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MYRO looking good

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  • #16
    MYRO looking good

    Roger Mole said... Snipped.....

    Mind you, my first relief was finding that you hadn't flogged it to someone in the meantime [IMG]/emoticons/rofl.gif[/IMG] Thanks a lot mate.

    Roger

    Mark writes:- Cheeky Begger

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    • #17
      MYRO looking good

      Are there any unthrashed HKS powered ones going about looking for a new home ?

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      • #18
        MYRO looking good

        Bit rare I think Bill. All the factory built AX3s have 503 Rotaxes, there are some kit built which were handled by the PFA/LAA and they have 582s, almost all of the AX2000s have 582s and only a very few have HKS's. That's AFAIK anyway, unless someone knows more (Mark?)

        Roger

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        • #19
          MYRO looking good

          Thanks Roger - I revalidated on an HKS one in Rufforth and was quite taken with it. Can I throw my oar in - is that the engine pulse pump down by the electric pump - I think the maximum length of tubing from engine crank case to pump should be in the order of 6" or so.

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          • #20
            MYRO looking good

            Yup, you have two Mikunis on an AX3 Bill because of the height of the lift. That's the lower one in the pic and the other is up near the engine as you say. Some people have done away with the lower one and use the electric pump the whole time but I haven't and just use the electric pump as a primer. When I got MYRO it still had the primer bulb as well but I took it off. MYRO was the very first AX3 to have an electric pump fitted. It was originally owned by Ron Riley who died a couple of years ago. Ron was a senior BMAA inspector as I understand and from MYRO's paperwork seemed to be a very enthusiastic proposer of mods for AX3s. His original mod proposed that the primer bulb should be removed when the pump was fitted so I was surprised to find that after all these years it was actually still in place. Also, at the time the mod was done the good old Tech Office was worried about over-pressurizing the carb float chamber valves resulting in fuel overflow if the pump was left running while the engine was also creating pressure via the Mikunis and it had to be placarded that the pump was to be used with the engine running only in an emergency. It has never been rescinded so I still keep it on the panel (the long red one across the bottom on the left hand side) - after all, we need to maintain attention to detail if we are to remain legal don't we :smilewinkgrin:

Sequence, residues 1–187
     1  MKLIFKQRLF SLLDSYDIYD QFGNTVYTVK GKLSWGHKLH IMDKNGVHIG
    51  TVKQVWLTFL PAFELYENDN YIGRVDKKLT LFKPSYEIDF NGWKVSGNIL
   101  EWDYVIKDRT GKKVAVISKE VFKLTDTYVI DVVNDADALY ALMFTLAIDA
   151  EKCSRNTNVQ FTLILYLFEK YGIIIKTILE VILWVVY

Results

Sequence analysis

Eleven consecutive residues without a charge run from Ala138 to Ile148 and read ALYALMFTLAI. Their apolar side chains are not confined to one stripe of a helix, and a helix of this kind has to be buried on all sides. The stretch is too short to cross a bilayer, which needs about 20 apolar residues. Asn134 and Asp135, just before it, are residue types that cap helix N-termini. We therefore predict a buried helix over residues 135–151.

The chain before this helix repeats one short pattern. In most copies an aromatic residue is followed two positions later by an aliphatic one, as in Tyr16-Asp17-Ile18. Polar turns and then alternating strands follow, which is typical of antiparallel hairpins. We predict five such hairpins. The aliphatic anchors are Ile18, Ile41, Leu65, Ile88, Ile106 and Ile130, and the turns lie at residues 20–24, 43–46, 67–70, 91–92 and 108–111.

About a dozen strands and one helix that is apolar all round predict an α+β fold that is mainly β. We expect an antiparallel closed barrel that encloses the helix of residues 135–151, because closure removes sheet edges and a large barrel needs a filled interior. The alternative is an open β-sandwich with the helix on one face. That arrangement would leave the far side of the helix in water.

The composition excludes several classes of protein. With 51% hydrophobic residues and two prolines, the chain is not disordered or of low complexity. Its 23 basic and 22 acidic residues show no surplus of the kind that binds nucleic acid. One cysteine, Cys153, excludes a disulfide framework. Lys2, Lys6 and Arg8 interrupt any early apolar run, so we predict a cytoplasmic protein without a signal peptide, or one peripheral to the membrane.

Roger

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